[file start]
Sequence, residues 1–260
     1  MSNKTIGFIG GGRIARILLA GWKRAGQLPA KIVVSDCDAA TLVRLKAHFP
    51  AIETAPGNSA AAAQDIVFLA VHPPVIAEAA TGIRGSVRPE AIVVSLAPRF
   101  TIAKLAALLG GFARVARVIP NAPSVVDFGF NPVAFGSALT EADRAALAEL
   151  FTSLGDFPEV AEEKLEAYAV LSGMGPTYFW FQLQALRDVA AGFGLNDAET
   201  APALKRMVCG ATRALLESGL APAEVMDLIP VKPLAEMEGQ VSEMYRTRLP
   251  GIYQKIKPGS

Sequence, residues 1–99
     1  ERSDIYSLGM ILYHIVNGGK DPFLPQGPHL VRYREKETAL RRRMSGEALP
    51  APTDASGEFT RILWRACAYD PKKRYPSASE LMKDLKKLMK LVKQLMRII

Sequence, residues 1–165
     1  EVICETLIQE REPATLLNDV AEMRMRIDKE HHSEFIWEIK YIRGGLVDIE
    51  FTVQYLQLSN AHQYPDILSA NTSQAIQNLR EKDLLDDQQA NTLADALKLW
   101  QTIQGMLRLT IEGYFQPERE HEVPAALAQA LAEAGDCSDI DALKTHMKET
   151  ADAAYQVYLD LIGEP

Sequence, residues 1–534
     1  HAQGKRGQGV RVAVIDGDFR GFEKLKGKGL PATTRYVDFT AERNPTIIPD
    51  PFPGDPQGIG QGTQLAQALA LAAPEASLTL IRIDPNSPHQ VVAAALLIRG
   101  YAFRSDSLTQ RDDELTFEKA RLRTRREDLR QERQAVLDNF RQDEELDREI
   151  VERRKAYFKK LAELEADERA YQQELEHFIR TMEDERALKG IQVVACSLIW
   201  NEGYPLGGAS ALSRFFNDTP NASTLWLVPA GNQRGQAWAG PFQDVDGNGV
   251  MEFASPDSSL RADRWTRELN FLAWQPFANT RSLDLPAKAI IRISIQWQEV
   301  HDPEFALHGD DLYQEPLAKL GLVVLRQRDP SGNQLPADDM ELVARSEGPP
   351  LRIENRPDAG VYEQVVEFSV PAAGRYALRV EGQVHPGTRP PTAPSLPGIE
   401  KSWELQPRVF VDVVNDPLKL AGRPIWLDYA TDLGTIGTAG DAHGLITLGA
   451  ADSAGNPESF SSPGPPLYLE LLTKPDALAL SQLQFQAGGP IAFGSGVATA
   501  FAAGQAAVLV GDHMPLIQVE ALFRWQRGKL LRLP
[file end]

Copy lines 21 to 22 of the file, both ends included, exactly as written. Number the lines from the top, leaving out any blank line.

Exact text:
   201  NEGYPLGGAS ALSRFFNDTP NASTLWLVPA GNQRGQAWAG PFQDVDGNGV
   251  MEFASPDSSL RADRWTRELN FLAWQPFANT RSLDLPAKAI IRISIQWQEV